Get answers to your Spine related questions.
Lumbar radiculopathy; Cervical radiculopathy; Herniated intervertebral disk; Prolapsed intervertebral disk; Slipped disk; Ruptured disk; Herniated nucleus pulposus
The first treatment for a slipped disk is a short period of rest with medications for the pain, followed by physical therapy. Most people who follow these treatments will recover and return to their normal activities. A small number of people will need to have more treatment, which may include steroid injections or surgery.
People who have a sudden herniated disk caused by injury (such as a car accident or lifting a very heavy object) will get nonsteroidal anti-inflammatory medications (NSAIDs) and narcotic painkillers if they have severe pain in the back and leg.
If you have back spasms, you will usually receive muscle relaxants. Rarely, steroids may be given either by pill or directly into the blood through an IV.
NSAIDs are used for long-term pain control, but narcotics may be given if the pain does not respond to anti-inflammatory drugs.
Diet and exercise are crucial to improving back pain in overweight patients.
Physical therapy is important for nearly everyone with disk disease. Therapists will tell you how to properly lift, dress, walk, and perform other activities. They will work on strengthening the muscles that help support the spine. You will also learn how to increase flexibility in your spine and legs.
You may want to reduce your activity for the first couple of days. Then, slowly restart your usual activities. Avoid heavy lifting or twisting your back for the first 6 weeks after the pain starts. After 2 to 3 weeks, gradually start exercising again.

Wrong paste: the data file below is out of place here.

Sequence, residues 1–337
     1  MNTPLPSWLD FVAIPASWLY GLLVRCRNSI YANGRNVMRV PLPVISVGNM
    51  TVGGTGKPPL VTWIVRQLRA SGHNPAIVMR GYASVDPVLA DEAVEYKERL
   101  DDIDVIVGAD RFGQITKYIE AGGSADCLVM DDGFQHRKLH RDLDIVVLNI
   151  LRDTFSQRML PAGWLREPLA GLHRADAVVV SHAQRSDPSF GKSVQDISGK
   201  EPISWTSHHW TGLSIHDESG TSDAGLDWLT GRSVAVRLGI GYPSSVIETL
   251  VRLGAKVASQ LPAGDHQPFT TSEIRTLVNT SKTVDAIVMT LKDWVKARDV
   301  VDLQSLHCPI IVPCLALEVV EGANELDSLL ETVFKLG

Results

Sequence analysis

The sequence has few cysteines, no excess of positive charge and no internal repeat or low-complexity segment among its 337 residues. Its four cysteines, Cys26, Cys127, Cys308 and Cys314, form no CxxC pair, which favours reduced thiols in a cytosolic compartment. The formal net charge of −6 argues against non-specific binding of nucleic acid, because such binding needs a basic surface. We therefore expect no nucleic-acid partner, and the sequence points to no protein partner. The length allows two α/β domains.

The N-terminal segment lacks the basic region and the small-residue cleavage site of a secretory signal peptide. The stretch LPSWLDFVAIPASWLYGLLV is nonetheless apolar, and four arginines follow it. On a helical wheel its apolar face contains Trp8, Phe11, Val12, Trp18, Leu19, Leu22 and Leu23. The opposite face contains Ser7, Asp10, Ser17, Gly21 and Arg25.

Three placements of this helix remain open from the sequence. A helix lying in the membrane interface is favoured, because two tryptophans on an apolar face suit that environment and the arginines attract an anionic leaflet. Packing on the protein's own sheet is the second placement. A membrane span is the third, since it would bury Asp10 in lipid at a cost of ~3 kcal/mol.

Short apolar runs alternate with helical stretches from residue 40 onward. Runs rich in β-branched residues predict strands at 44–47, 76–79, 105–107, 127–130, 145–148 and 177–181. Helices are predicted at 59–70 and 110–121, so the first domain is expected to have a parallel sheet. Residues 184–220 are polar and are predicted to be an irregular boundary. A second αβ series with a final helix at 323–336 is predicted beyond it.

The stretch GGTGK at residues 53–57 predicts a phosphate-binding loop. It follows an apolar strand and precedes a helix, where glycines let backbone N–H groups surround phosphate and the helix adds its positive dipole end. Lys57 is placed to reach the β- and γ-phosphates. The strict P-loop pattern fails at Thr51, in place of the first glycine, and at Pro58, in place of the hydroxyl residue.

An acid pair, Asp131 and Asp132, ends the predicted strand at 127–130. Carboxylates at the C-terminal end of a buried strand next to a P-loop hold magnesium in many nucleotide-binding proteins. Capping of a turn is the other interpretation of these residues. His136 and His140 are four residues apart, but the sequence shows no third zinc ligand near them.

See: Taking care of your back at home for more about exercise and how to prevent your back pain from returning.
Steroid injections into the back in the area of the herniated disk may help control pain for several months. These injections reduce swelling around the disk and relieve many symptoms. Spinal injections are usually done in your doctor's office, using x-ray or fluoroscopy to find the area where the injection is needed.
Surgery may be an option for the few patients whose symptoms do not go away with other treatments and time.
See also: Diskectomy for more about how the surgery is done and who is most likely to benefit from it.
Ask your doctor which treatment options are best for you.
Most people will improve with treatment. A small percentage may continue to have back pain even after treatment.
It may take several months to a year or more to go back to all of your activities without having pain or straining your back. People who work in jobs that involve heavy lifting or back strain may need to change their job activities to avoid injuring their back again.
Call your health care provider if:
Chou R, Huffman LH. Medications for acute and chronic low back pain: a review of the evidence for an American Pain Society/American College of Physicians clinical practice guideline. Ann Intern Med. 2007;147:505-514.
Chou R, Huffman LH. Nonpharmacologic therapies for acute and chronic low back pain: a review of the evidence for an American Pain Society/American College of Physicians clinical practice guideline. Ann Intern Med. 2007;147:492-504.
Jegede KA, Ndu A, Grauer JN. Contemporary management of symptomatic lumbar disc herniations. Orthop Clin North Am. 2010;41:217-224.
Chou R, Atlas SJ, Stanos SP, Rosenquist RW. Nonsurgical interventional therapies for low back pain: a review of the evidence for an American Pain Society clinical practice guideline. Spine. 2009;34(10):1078-93. Review.
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